Microsoft recently showed off some examples of how it wants apps to look on new dual-screen computers that are coming this year.
The design recommendations from Microsoft below show how the company is thinking about apps that run on two screens.
Take this image below, for example, which shows how Microsoft envisions a menu appearing on a computer with a divider between two screens. If a developer doesn't make the app properly, the pop-up could appear right where there's a screen gap.
Microsoft makes a bunch of other suggestions to developers: Menus and other windows also should appear on either one side of the screen or the other, not in the middle.
Also, if you have lots of columns, like in a spreadsheet, you should break it up so the middle of the spreadsheet doesn't get caught in the same area
Microsoft is hedging its bets by making these recommendations instead of requirements. If it required developers to revamp their apps , it would run the risk of app-makers just ignoring the platform completely. Software developers may balk at doing extra work for a platform that doesn't have many users yet.
But if developers just ignore the guidelines, that could create headaches for users. Imagine opening a game where there's just a big divider right down the middle blocking out stuff. Or opening an app like Slack where a bunch of the chat is just cut off. (I'm guessing Microsoft's competitor, Teams, will work just fine!)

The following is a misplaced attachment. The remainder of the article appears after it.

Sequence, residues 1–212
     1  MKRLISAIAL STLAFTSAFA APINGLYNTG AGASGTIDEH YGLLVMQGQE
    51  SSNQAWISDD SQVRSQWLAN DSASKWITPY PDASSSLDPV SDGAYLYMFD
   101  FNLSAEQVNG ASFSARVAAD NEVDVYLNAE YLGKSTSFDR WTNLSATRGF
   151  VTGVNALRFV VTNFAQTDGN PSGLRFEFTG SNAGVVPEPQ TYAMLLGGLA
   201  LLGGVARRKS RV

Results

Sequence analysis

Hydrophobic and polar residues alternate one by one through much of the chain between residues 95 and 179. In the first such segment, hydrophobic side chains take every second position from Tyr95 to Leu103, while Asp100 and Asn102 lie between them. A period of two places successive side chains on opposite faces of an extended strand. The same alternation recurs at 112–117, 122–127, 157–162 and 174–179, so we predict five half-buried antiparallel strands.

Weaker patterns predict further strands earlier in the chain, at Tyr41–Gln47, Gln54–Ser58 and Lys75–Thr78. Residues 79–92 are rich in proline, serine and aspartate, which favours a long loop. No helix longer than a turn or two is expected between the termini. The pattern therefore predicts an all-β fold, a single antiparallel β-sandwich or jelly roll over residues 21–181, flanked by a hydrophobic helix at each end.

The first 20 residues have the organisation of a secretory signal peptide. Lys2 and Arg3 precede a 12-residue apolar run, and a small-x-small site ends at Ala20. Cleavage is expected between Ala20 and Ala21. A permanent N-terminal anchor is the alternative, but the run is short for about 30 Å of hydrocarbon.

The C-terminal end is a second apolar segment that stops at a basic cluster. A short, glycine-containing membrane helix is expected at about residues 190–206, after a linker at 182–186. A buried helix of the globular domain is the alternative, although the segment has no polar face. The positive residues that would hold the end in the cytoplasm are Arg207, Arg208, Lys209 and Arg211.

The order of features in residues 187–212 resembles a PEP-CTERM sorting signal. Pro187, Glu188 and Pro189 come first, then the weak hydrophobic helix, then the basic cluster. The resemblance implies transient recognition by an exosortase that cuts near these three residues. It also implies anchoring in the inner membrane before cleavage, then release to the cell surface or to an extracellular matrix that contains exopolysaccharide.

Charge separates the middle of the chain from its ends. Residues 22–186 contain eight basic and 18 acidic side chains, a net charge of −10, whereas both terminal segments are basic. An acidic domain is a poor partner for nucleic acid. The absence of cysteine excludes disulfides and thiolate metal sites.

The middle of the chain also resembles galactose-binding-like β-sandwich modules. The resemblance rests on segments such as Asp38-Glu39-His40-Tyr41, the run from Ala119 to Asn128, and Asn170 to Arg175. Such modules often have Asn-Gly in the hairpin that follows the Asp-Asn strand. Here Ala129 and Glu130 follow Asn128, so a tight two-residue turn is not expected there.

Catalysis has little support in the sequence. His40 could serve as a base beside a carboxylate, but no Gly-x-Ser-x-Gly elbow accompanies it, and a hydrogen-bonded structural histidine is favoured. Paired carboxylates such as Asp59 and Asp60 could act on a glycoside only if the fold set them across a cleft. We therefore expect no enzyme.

There are areas where Microsoft has actual platform requirements for developers. The Windows App Store, for example, has very specific terms for apps that developers have to abide by. Microsoft could, under the rules, force new apps in the store to support two screens properly.
One rule for the Windows App Store is for "usability," for example. "Products should support the devices and platforms on which they are downloaded, including compatibility with the software, hardware and screen resolution requirements specified by the product."
Microsoft could also lead by example. If it shows off a really exciting version of one of its apps, like OneNote, for example, where you can draw on one side while seeing other open notes on the other, it might show consumers how and why these computers are powerful and unlike the laptops they already own.
But it's early yet. Microsoft may share more, including actual requirements, during its Developer Day online event on Feb. 11. In a blog post, Microsoft suggested it may have one potential solution in place already: "Your app by default will occupy a single screen, but users can span the app to cover both screens when the device [is open]."
Microsoft could potentially limit apps to running on only one screen if they aren't designed to work on two screens at once. That would at least alleviate some headaches for consumers.